Russian Man Nabbed After Talking About Yoga Philosophy
Wed, April 21, 2021

Russian Man Nabbed After Talking About Yoga Philosophy


The Independent, a politically independent national morning paper published in London, shared that a Russian yoga instructor has been arrested due to “illegal missionary activity” under controversial new laws that were designed to combat terrorism. 

The yoga instructor, named Dmitry Ugay, is said to have failed to act upon the measures of the anti-terror law that is also known as ‘Big Brother’. Ugay was reported to have given a talk about the philosophy of yoga at a festival in St. Petersburg. Also a computer programmer, Ugay was later arrested and charged with conducting illegal missionary activity, which is an offense under the Yarovaya laws that were brought in last year. 


Photo Credit: Aleksandr Davydov (123RF)


The law was named after MP Irinia Yarovaya, and it was signed off by President Vladimir Putin. This law gives restrictions on missionary activities, religious groups, and followers of non-traditional religions, based on the government’s definition. Ugay’s arrest comes after he was accused by a fellow festival-goer named Nail Nasibulin of recruiting young people to join his “pseudo-Hindu organization.”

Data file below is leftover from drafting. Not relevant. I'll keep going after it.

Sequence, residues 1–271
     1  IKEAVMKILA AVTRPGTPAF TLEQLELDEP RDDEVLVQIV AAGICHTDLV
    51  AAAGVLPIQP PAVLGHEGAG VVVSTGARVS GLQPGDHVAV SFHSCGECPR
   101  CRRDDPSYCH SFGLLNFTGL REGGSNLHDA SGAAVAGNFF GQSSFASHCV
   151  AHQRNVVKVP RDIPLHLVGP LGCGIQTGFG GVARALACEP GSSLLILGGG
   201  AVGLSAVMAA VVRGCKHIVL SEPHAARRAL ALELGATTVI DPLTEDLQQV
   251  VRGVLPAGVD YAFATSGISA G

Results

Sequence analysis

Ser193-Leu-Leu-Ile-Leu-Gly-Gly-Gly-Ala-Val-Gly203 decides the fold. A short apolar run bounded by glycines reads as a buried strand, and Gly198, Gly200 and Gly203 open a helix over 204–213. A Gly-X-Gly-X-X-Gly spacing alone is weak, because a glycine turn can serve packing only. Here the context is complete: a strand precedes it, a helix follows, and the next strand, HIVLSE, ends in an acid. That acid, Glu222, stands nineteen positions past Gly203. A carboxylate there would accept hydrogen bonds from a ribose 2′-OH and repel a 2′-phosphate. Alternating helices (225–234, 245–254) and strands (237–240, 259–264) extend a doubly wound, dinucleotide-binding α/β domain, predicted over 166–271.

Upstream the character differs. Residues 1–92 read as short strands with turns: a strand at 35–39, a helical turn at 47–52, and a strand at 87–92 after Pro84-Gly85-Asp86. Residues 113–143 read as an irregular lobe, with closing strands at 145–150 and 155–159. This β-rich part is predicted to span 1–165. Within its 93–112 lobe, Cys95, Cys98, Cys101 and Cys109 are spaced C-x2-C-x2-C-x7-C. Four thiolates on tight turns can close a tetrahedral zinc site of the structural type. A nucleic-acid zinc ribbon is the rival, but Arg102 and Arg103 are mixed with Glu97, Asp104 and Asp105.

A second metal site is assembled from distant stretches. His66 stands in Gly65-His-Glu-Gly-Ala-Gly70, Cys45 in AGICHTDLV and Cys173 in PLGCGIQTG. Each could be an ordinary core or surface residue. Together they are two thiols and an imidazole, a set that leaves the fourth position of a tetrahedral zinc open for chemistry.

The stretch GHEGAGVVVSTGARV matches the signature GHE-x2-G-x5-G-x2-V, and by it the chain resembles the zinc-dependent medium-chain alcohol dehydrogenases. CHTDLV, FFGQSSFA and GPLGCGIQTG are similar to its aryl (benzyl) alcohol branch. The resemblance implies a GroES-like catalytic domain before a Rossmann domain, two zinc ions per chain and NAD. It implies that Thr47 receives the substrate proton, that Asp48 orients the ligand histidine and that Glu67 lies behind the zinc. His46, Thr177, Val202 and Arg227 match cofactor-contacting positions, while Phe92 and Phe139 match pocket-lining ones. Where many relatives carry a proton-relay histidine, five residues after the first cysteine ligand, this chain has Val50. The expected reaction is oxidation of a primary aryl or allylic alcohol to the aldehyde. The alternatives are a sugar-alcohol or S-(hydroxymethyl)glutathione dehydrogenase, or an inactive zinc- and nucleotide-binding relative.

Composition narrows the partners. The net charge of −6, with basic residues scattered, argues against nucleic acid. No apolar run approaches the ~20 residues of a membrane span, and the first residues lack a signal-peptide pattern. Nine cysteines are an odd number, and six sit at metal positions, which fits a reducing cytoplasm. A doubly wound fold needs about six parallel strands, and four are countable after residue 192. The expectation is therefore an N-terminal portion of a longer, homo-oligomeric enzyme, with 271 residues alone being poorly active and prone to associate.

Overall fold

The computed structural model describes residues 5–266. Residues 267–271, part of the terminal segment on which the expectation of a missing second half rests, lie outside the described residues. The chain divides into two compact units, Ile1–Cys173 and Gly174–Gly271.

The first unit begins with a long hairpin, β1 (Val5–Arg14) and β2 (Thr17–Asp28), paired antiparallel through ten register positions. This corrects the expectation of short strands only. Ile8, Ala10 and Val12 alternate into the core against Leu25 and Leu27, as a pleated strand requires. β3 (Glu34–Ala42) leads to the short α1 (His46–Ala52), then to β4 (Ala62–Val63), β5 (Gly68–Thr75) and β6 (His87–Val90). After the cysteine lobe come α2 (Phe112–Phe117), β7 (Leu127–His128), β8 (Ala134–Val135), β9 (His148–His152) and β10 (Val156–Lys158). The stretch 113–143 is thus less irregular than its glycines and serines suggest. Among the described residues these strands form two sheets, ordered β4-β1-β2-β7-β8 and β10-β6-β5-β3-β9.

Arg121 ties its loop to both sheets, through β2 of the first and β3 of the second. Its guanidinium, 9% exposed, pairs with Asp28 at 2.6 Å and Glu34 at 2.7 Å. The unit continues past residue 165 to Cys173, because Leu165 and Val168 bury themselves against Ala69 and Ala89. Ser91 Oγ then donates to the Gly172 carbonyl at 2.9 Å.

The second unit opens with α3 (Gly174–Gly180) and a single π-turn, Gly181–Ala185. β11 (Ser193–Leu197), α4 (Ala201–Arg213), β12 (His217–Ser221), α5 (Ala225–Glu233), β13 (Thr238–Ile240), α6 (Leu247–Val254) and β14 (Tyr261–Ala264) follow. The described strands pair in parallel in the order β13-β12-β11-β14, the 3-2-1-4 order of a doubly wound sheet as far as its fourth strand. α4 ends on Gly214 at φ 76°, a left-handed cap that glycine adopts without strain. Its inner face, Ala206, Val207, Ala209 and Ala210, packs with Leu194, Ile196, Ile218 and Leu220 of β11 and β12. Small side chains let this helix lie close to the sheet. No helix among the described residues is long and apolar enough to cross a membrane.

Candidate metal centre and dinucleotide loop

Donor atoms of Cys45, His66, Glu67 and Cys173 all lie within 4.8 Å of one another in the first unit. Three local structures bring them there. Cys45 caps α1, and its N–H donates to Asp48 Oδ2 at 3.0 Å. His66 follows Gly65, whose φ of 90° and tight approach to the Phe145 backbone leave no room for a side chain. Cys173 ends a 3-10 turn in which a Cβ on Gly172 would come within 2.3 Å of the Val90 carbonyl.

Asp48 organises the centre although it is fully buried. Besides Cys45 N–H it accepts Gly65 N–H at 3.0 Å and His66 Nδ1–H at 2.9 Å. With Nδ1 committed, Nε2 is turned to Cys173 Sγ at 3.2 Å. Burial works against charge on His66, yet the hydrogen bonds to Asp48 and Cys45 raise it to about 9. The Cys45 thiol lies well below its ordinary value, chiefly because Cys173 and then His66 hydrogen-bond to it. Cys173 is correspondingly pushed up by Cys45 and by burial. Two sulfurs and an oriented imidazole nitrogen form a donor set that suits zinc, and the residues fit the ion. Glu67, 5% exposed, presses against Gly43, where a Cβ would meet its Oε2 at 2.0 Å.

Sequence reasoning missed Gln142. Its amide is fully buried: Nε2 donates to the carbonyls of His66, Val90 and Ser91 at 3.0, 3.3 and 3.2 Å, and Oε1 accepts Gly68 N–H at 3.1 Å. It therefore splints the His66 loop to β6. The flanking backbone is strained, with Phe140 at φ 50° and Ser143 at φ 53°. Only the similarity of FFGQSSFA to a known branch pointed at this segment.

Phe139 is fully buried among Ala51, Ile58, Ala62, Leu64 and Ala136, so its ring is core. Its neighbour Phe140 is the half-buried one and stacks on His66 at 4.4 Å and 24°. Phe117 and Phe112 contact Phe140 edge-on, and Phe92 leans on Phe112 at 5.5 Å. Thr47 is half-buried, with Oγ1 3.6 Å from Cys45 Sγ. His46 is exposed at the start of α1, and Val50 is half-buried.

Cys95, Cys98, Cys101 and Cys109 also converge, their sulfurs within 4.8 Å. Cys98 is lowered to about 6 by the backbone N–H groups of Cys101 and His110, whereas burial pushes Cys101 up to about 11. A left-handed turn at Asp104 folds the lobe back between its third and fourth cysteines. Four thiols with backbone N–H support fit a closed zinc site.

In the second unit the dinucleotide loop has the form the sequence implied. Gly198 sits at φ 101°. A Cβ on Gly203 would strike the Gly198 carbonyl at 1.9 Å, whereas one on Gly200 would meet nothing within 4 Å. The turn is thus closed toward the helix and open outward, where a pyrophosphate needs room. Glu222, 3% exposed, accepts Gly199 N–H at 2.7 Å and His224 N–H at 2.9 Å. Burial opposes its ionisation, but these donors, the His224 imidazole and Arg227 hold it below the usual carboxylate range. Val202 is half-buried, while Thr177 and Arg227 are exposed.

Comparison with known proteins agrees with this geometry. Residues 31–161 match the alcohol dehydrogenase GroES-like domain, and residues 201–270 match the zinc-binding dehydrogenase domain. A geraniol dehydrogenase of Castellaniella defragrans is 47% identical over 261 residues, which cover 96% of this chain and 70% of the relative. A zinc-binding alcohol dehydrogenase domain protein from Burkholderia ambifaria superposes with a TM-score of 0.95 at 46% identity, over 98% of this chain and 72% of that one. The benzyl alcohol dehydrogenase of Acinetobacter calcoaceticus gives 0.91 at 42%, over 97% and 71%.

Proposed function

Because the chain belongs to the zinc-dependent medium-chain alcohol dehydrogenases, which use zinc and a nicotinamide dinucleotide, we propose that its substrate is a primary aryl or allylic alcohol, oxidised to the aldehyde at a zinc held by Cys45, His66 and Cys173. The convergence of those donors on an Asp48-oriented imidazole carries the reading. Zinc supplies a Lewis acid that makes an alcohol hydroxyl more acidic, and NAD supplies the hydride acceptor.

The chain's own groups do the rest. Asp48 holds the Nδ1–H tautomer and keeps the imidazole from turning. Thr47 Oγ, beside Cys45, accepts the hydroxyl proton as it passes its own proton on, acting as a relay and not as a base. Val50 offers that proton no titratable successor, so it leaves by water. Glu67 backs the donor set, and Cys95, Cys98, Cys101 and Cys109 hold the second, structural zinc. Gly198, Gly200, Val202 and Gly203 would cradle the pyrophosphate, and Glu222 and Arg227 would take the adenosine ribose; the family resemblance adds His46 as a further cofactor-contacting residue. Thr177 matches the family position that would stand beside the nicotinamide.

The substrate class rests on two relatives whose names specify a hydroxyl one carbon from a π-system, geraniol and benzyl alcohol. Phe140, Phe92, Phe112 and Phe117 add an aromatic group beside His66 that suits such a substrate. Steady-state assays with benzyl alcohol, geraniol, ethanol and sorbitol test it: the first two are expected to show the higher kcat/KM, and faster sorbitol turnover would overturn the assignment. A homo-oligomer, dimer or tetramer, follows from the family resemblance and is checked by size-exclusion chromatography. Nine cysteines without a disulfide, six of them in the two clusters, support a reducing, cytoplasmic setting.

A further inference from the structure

The yoga instructor claimed that he was put into a police car and ordered to sign a blank piece of paper, which he refused to do. Several months after his arrest and subsequent arrest, he now faces a fine at a court hearing next week. Ugay, who admits that he follows Hinduism, denied the allegations of him performing a missionary activity. 


Photo Credit: lightfieldstudios (123RF)


“I did not name a single religious organization in my speech, nor did I use a single religious book, and did not name a single religious figure apart from Christ and Buddha,” Ugay claimed. 

The arrest has been controversial in Russia after critics called the statement of the Yarovaya law open to interpretation. Alexander Verkhovsky, head of the Moscow-based Sova Centre, said that “Yoga is in no way a religious group,” and it is unclear whether he persuaded people to follow him.